First, they changed the definition of torture so that even techniques that could lead to the death of the person being interrogated were not out of bounds.

Second, they announced that the Geneva Convention did not apply to those who were captured in the "war on terror." You probably learned in basic training that the Geneva Convention protocols would protect you if you were ever captured in war. Many of us with family members in the armed forces feared that other countries would change their definition, too.

You will be happy to know-- if you don't already-- that every branch of the armed forces protested that the torture of prisoners violated the law. According to a New York Times editorial commenting on the Senate Armed Services Committee report, Rumsfeld rescinded some of the worst practices at Guantanamo "only after the Navy’s chief lawyer threatened to formally protest the illegal treatment of prisoners." But "by then, at least one prisoner, Mohammed al-Qahtani, had been threatened with military dogs, deprived of sleep for weeks, stripped naked and made to wear a leash and perform dog tricks. This year, a military tribunal at Guantánamo dismissed the charges against Mr. Qahtani."

The bottom line, of course, is that the armed forces must obey the Commander-in-Chief, and you must obey your commanding officers. But how I wish you weren't there, at Guantanamo, in an environment drenched in the moral corruption of torture. Affairs may have improved, but the past cannot be undone. When the a prisoner at Guantanamo looks at you, he sees all seven years of his incarceration, every humiliation he and his fellow prisoners have suffered, every pain, every snarling military dog, every sleepless night. He does not see the nephew with a tender heart that I know and love so well.

Please just keep remembering who you are, and come home soon.

Saturday, December 20, 2008

From The Zero, the website of Andrew Vachss

New acupuncture service in Worcester

When my daughter Emily Konstan went back to school for three years to learn acupuncture and Chinese medicinal herbs, I knew she'd be an excellent practitioner but worried that many people who would benefit from acupuncture wouldn't be able to afford it.

Well, she's opened shop in Worcester, MA with a practice based around community acupuncture! Community acupuncture is done in a relaxed group setting and fees are sliding scale, $20 to $40.

The name of her practice is River Valley Acupuncture. Be sure to check out the News and Events section, which discusses the most recent news about acupuncture and Chinese medicine treatments.

Holiday party rescheduled

Well, my sister and I have phone calls to make and emails to send, but I will announce here also: our solstice get together, which was scheduled for tomorrow, Sunday, has been postponed to the Sunday after, December 28. If you live in or near Springfield, MA, and consider yourself a friend, we hope to see you!

The lovely graphic in this post is from Moonrabbit, where there are many nice prints for sale. Check them out!

Thursday, December 18, 2008

No smiling

What being homeless means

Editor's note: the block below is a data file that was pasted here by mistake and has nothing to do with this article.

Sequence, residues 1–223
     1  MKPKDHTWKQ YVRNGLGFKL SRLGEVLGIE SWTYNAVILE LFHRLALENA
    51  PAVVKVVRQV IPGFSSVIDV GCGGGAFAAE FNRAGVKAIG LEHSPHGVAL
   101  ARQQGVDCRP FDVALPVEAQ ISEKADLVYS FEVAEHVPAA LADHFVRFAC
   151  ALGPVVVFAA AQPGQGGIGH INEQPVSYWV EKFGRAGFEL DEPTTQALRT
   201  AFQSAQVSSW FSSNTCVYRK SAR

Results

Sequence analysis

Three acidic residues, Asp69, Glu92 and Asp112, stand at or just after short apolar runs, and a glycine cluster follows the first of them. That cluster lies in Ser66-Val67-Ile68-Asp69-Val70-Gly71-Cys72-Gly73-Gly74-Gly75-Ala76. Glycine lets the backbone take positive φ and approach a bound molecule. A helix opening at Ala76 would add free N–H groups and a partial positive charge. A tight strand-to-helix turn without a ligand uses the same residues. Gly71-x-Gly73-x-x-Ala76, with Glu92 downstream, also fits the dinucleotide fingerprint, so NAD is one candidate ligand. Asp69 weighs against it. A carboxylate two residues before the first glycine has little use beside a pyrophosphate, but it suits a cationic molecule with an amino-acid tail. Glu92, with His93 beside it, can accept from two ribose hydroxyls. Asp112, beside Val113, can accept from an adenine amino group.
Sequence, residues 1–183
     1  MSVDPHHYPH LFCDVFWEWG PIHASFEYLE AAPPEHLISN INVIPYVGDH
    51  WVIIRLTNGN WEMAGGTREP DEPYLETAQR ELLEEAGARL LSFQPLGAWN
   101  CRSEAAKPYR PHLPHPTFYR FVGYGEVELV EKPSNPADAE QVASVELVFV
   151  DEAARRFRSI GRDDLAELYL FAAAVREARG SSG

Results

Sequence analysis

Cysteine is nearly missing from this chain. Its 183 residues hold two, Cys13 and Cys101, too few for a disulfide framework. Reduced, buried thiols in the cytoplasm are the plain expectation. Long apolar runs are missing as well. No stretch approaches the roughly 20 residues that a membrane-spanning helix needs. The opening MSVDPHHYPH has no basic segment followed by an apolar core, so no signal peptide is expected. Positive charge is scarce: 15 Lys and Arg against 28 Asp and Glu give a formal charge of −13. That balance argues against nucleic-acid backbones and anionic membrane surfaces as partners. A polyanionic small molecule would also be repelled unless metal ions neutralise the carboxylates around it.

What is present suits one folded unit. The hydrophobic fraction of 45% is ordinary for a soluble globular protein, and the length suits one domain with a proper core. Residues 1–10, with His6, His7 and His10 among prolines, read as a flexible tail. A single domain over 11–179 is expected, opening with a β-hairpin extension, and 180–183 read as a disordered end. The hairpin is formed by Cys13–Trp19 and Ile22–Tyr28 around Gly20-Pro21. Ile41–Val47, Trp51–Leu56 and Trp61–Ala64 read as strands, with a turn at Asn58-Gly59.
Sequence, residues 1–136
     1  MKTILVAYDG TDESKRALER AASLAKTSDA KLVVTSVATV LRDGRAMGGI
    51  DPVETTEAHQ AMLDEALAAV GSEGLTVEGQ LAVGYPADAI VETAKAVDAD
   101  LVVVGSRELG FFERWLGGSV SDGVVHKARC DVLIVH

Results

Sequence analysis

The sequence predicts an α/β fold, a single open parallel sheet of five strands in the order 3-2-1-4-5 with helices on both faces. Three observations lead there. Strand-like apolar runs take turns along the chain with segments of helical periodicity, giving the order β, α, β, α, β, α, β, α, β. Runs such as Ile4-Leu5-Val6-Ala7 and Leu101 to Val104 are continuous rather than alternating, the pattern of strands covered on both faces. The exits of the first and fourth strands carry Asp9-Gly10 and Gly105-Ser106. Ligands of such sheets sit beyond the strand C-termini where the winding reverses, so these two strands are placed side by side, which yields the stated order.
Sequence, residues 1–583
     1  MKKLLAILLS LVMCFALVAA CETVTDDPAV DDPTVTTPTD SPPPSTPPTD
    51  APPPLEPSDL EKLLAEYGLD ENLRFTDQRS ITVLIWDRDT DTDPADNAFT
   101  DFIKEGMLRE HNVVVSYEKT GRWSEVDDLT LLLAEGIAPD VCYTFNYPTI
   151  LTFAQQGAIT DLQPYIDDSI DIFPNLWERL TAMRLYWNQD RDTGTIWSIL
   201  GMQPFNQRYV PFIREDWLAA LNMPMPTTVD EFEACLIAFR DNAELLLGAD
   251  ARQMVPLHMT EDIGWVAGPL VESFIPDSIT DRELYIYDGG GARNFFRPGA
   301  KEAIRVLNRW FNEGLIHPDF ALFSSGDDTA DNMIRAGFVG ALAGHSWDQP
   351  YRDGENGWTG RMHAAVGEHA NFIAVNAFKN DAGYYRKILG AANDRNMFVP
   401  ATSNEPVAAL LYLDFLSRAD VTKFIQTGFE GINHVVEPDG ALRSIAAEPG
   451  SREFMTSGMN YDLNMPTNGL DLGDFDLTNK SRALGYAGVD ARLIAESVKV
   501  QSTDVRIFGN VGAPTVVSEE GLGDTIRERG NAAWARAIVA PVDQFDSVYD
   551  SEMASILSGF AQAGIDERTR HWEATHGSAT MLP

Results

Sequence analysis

This is from the Love Wins Always blog. You can read the rest here:

Being Homeless

Being homeless means wearing clothes you did not pick out.

Being homeless means eating what they give you.

Being homeless means having to hear a sermon before you can eat.

Being homeless means being asked for your ID by the police for being in the park.

Being homeless means hiding everything you own so no one will throw them away.

Being homeless means spending most of your day with addicts and the mentally ill, even if you yourself are not.

Being homeless means people are surprised you have an opinion on the presidential election.

Being homeless means walking several miles to eat.

Being homeless means you hope the crazy street preachers show up because it is Saturday and the soup kitchens are closed.

Community of veterans

Just saw the public service announcement that hasn't failed yet to choke me up-- from a new organization, Community of Veterans, an association for Iraq and Afghanistan veterans. Check out their site at Community of Veterans and if you know a veteran, let them know about it.

Army Staff Sgt. receiving the Bronze Star. Photo by Victor Maccharoli, Palo Alto Daily News.

Wednesday, December 17, 2008

Angry? Homeless? Must be a "behavioral health" issue!

Today Lamont, one of Arise's members, was going to a city-sponsored meeting about what to do about homeless people who are banned from the Worthington St. Shelter; I'll hear what happened tomorrow, I imagine. This is becoming a very serious issue because if men are kicked out, they might be able to fit into the Taylor St. Shelter, if it isn't full and if it isn't a weekend, when Taylor St. is closed. However if women are kicked out, they have absolutely nowhere to go.

The city had framed this meeting as a discussion of homeless people with "behavioral health" problems!!

Perhaps that euphemism is meant to be kind but of course it just obscures the reality of how homeless people act toward the non-homeless and how they are judged by them, with all social context removed. Some people are banned for violence or drug and alcohol use; I suppose one might call this a behavioral health issue. Some are banned for theft, some for back-talking a staffperson, some because they are unfairly accused by another person, some because they are standing up for their rights, some because they are cursing their misfortune.

While I understand that shelters need to be safe for everyone, banning a person from shelter is a potentially life-threatening act. There has to be a better way.

I'm watching A Christmas Carol as I write this, and Marley's ghost has just appeared to Scrooge.